This is a partial transcript of an interview conducted by the Spanish State broadcaster TVE with the President of Ecuador Rafael Correa, conducted April 19th.
Despite the dull-headed questions of the interviewer, which are sadly par for the course on Spanish TV, Correa makes many interesting observations on the current crisis. Foremost is his warning to the public that what is happening in Europe now is precisely what happened in Latin America.
Later on in the interview, not included in this transcript, there is a discussion of press freedom in Ecuador. I will post a transcript of this separately if I get the time.
For the moment, what strikes me on listening to the first part of the interview, is both the lucidity of Correa’s explanations by contrast with the robotic idiocy of ruling politicians in Europe, especially in periphery countries. It was interesting how Michael D. Higgins’s speech to the European Parliament about a new ‘emancipatory discourse’ won such widespread acclaim, in Ireland at least, even though -or perhaps precisely because- he did not make mention of capitalism, neoliberalism, socialism or anything that might prove politically controversial for either his audience or Ireland’s media establishment.
By contrast, Correa here -and it is not that his spoken discourse is radical at all- says that IMF bailout packages have nothing to do with the human being and everything to do with bailing out private banks. As Correa puts it: “The problem is power. It is a political problem, not a technical problem.”
ANA IBÁÑEZ: Let’s greet today’s guest, who is the president of Ecuador, Rafael Correa. President, good evening.
RAFAEL CORREA: Good evening Ana, thank you for the invitation, thank you to TVE, thank you to Spain, which always welcomes us with a lot of affection. Greetings to all Spanish people, and most especially, to those Latin Americans and Ecuadoreans living in this dear country.
ANA IBÁÑEZ: There are many of them.
RAFAEL CORREA: Yes.
ANA IBÁÑEZ: You are here in Spain as part of a European tour, which has taken you to different countries, among them Italy and Germany -there you met the Chancellor, Angela Merkel. How was that? How did you get on, because your economic policies are quite different.
RAFAEL CORREA: Perhaps, but there’s a mutual respect, since we respect all countries, the governments of countries, despite the ideological coincidences or differences that we might have. The tour was very successful. We met Chancellor Angela Merkel, the President of the Federal German Republic, the President of the Lower Chamber, the Mayor of Berlin, we have been in contact with German investors. An official visit to Germany. Taking advantage that official visit we wanted to go to Italy, to Spain, to thank our emigrants. Because you know that they can vote, they even have representatives in the Assembly, and the support they have given is extraordinary. Here in Spain we got as much as 83-84% of the vote. And six Assembly deputies, elected from abroad.
ANA IBÁÑEZ: In a little while we are going to speak about your re-election, Mr President, a re-election moreover via a historic majority, but I want to move on, in particular in economic matters. Here in Spain, there are many of those who blame part of the troubles we are going through on Ms. Merkel, with regard to cutbacks, deficit, structural reforms. How is the crisis we are suffering seen in Latin America, and what do you, who apart from being President also hold a PhD en Economics, believe is failing?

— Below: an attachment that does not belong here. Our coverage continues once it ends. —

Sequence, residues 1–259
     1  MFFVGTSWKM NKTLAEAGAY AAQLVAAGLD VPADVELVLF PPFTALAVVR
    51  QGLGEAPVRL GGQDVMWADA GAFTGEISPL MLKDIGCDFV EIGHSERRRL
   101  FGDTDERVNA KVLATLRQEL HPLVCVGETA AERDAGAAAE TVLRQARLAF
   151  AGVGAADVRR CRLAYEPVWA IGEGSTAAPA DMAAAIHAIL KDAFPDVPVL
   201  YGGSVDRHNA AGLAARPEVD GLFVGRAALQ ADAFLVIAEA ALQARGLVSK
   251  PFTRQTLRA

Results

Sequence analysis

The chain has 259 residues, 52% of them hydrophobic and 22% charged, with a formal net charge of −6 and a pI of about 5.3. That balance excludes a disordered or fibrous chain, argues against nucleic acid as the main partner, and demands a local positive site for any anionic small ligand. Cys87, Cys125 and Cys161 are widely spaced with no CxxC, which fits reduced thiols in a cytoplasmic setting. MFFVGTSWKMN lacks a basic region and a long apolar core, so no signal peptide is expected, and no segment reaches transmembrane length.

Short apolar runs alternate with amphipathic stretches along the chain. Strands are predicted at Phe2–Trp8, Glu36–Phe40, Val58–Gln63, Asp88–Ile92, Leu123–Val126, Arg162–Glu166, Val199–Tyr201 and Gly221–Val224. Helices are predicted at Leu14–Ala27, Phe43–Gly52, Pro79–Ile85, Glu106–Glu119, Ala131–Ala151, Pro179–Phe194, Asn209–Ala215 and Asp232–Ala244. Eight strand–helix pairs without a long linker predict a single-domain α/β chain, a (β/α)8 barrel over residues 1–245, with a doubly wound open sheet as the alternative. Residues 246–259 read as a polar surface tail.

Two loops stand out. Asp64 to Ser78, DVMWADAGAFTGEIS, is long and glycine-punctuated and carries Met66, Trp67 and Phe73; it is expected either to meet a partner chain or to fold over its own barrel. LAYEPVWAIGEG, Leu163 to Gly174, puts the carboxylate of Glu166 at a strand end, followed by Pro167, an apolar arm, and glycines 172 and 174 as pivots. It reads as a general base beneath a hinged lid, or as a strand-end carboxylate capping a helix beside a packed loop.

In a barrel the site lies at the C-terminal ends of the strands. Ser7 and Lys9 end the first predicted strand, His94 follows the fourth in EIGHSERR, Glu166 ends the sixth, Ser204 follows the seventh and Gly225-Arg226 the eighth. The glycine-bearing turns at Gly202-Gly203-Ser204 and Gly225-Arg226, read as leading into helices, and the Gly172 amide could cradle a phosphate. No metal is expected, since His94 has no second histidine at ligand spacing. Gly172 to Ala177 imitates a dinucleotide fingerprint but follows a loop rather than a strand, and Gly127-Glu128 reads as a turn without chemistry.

RAFAEL CORREA: I will say only this to you: do not repeat the same mistakes that we made. This crisis is a carbon copy of the debt crisis that took place in the 1980s in Latin America, where it wasn’t that we were loaned money by the international banking sector through solidarity, but because they had excess liquidity. Does that story sound familiar? The international organisations, the international bureaucracy, always the heralds of finance capital, invented the strategy of aggressive indebtedness. So you had to get into debt in order to keep developing. In reality they were making us serve the purposes of international capital because there was excess liquidity.
Why was there excess liquidity? Because of the two oil shocks, the rapid rise in oil prices. The Arab countries had large oil incomes, they put them into First World banks, First World banks had nowhere to put them, and they saw Latin America as a good place. And before 1976 for example, last century, a banker wouldn’t go to Latin America even as a tourist. And suddenly queues of bankers started to form to lend money for anything, even for weapons and military dictatorships. And the IMF, the World Bank, at an aggressive moment, at the right time, facilitated the development. And it developed so much that in 1982, when Mexico declared itself unable to pay, they ceased the flow of credit that had been the source of growth, they began to demand that credit back – the repayment- and the interest rates, which were floating, moved from 4-6% to more than 20%.
ANA IBÁÑEZ: In the case of Ecuador – sorry for interrupting you Mr President, what you did was, let’s say, identify that debt that you considered illegitimate?
RAFAEL CORREA: That was later on.
ANA IBÁÑEZ: And refuse to pay it?
RAFAEL CORREA: But look. Like Mark Twain says, a banker is the guy who lends you an umbrella when it’s sunny and takes it off you when it starts raining. They stopped the credit. They raised our interest rates. And the bailout package from the IMF came, exactly what is happening in Europe. But with huge adjustment programmes, austerity, memoranda of understanding, so that nothing stayed in the country, but rather so that what went in on the one side on the part of this international bureaucracy came out on the other in order to pay commercial debt with private banks. It was nothing else.
It wasn’t a matter of exiting the crisis as quickly as possible. They wanted to guarantee payment to private banks. And they pulled it off. But obviously through deepening the crisis in growth and employment. The crisis lasted ten years. In Ecuador we began the 90s with the same income per capita as in 1976. And we see that it is exactly the same thing that is happening in Europe. So the only thing I ask of you is.. let’s learn from history. Look at what happened in Latin America.
ANA IBÁÑEZ: You spoke, I imagine, with Mariano Rajoy, with different presidents of countries such as Greece, Ireland and Portugal, I understand, because I read it. Did they pay any attention?